In order to make campus a better place for local students, it is best to involve these students. The Kinap Mentorship Program at the University of Maine Machias empowers local students to engage with their culture on campus and use what they have learned to strengthen the local tribal community.

Since about 2013, UMaine Machias has seen a slight decline in the number of Native American students enrolled, said Darren Ranco, chair of Native American Programs, associate professor of anthropology and coordinator of Native American research at the University of Maine. While UMaine’s Orono campus has facilities like the Wabanaki Center and programs like the Wabanaki Youth in Science (WaYS) program, which incorporates Indigenous science and learning methods into classes such as forestry and engineering, Ranco recognized that on the campus of UMaine did not give much indigenous presence to Machias, despite its proximity to Washington County tribal communities.

“We started by brainstorming how we could address both situations — more student attraction and retention programs and finding ways to support local students in UMaine Machias,” Ranco said.

With this in mind, Ranco and his colleagues from the University of Maine Wabanaki Center and the WaYS program developed the Kinap Mentoring Program for Wabanaki students at the University of Maine at Machias. Kinap (pronounced gee-nap) loosely translates to “future leaders.”

The mentors, a group called the Kinapiyik (plural for kinap, pronounced gee-nah-pee-yig), are responsible for attending programs on and off campus that aim to bring together Wabanaki cultural values ​​and indigenous ways of learning with Western education .

“The design is based on what we learned through the WaYS program, with a few caveats,” Ranco said. “It uses the notion of binocular vision, indigenous science and western science coming together in educational spaces.”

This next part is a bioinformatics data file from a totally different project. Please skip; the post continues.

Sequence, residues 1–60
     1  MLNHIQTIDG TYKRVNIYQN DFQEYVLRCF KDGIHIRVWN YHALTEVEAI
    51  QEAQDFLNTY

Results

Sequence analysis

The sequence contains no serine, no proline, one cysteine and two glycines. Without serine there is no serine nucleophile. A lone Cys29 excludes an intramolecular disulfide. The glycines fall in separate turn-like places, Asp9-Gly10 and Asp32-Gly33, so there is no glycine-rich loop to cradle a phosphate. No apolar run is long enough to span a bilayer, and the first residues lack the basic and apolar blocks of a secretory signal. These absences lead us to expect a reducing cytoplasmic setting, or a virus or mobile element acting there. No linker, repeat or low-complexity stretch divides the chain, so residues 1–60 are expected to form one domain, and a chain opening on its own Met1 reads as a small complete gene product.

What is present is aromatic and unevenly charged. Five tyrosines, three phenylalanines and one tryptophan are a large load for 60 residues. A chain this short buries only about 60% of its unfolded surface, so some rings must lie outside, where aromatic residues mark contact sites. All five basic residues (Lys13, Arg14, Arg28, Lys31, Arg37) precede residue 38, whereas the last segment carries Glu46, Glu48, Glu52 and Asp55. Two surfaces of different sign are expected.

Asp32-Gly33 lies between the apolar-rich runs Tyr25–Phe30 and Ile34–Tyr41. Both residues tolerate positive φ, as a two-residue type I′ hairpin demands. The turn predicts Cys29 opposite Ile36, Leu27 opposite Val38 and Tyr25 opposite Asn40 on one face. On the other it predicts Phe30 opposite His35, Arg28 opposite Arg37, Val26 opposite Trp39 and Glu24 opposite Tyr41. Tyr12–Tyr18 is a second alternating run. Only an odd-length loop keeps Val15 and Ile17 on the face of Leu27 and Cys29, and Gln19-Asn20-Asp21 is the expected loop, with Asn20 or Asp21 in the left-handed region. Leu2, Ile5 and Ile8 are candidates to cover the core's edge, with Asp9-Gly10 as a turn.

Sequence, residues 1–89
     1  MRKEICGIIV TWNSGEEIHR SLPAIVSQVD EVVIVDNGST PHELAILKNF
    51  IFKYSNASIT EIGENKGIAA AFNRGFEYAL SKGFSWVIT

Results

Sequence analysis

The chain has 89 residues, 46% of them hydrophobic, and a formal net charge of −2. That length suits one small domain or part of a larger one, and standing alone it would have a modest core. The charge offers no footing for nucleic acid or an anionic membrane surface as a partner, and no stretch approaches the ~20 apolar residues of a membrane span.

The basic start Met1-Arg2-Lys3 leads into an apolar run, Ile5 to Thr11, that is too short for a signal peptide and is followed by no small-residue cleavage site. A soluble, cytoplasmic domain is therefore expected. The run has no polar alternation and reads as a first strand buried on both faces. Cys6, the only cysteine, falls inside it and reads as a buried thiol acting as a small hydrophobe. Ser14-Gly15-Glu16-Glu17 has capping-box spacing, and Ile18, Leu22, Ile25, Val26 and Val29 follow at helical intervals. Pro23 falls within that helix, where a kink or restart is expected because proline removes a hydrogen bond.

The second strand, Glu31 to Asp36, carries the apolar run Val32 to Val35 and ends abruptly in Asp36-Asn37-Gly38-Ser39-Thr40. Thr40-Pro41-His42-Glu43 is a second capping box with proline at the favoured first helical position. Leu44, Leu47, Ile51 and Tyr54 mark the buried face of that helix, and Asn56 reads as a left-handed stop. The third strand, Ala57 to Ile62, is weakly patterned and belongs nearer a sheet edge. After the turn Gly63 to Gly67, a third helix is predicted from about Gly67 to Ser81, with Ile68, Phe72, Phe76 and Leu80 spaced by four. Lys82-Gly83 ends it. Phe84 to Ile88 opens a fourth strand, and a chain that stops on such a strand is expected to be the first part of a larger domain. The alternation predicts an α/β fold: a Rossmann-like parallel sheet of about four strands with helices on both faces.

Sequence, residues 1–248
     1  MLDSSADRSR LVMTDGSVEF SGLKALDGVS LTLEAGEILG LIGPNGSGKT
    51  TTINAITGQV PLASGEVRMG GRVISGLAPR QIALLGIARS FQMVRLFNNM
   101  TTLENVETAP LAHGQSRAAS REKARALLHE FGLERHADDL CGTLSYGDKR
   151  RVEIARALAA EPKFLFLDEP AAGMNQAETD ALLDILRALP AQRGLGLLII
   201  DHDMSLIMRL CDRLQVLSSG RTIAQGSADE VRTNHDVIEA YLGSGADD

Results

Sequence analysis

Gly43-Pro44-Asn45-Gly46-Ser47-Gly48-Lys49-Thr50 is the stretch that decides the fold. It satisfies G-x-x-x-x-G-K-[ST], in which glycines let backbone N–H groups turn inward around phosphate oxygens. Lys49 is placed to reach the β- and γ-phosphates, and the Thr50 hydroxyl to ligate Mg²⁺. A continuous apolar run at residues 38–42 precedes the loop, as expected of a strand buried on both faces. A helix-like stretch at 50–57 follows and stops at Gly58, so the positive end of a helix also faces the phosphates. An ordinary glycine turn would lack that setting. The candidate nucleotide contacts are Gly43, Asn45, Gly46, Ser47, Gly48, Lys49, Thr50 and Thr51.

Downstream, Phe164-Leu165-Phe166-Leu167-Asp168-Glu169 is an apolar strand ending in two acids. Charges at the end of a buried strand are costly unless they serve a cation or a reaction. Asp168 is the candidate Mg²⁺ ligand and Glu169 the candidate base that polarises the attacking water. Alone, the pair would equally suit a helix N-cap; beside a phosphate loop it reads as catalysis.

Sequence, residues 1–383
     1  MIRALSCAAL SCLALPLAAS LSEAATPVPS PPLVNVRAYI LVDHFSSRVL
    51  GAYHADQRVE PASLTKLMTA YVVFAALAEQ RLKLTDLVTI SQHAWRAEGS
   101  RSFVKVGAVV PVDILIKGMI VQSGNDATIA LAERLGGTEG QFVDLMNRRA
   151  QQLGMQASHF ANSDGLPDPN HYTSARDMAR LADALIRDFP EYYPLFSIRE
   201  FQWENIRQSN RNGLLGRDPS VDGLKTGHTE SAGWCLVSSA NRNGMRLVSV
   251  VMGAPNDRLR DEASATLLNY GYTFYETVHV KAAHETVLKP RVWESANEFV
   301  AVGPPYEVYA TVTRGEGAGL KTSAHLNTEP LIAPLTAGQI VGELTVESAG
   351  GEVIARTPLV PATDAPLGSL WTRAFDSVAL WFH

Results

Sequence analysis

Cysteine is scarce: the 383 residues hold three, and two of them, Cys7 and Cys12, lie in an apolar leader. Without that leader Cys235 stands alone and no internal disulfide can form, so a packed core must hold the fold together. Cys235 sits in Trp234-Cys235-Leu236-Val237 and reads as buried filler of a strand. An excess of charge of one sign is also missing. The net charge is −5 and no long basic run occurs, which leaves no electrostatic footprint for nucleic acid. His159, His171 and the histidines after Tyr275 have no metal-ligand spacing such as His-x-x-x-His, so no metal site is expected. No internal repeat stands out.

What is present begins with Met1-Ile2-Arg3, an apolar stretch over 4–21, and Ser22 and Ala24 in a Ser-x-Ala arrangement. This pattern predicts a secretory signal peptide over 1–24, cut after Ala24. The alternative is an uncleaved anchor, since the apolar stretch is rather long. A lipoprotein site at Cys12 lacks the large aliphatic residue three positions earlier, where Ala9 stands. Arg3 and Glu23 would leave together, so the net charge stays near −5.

In Spring 2021, UMaine hired Jennifer Isherwood as Assistant Coordinator for Native American Student Outreach and Development at UMaine Machias to launch the program and create an on-campus focal point for Native American students.

“I think it’s innovative in a place that doesn’t have a lot of programs that specifically cater to the well-being of Indigenous students,” Isherwood said. “There is no full-time Indigenous faculty at UMaine Machias, so having a representative dedicated solely to supporting Indigenous students is brand new.”

In addition to helping local students connect with resources, including tuition waivers, Isherwood recruited students into the Kinap Mentorship Program, which launched in Fall 2021. She said the recruitment process is more challenging than it might seem. Not all Native students identify themselves when applying to UMaine, so Isherwood worked with members of the tribal community to reach out to the students, in addition to handing out flyers and publicizing them in more traditional ways.

“Gaining that trust and that relationship takes time; You can’t expect this to happen overnight,” Isherwood said.

The first cohort of the Kinap mentorship program had four students, which Ranco says is impressive given the size of UMaine Machias and the large number of native students on campus. One of the flagship members, Xander LaComb, a freshman fine arts student from Norway, Maine, said the idea of ​​promoting Aboriginal culture on campus drew him to the program.

“I didn’t grow up in an area with a lot of native culture,” LaComb said. “The idea of ​​being able to establish this here really appealed to me.”